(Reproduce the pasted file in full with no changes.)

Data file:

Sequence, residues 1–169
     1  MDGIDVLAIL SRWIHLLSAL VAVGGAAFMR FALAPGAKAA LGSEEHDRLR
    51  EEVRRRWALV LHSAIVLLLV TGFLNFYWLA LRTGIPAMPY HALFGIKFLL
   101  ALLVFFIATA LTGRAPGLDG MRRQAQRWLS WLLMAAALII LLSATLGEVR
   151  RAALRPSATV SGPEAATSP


Sequence, residues 1–169
     1  MDGIDVLAIL SRWIHLLSAL VAVGGAAFMR FALAPGAKAA LGSEEHDRLR
    51  EEVRRRWALV LHSAIVLLLV TGFLNFYWLA LRTGIPAMPY HALFGIKFLL
   101  ALLVFFIATA LTGRAPGLDG MRRQAQRWLS WLLMAAALII LLSATLGEVR
   151  RAALRPSATV SGPEAATSP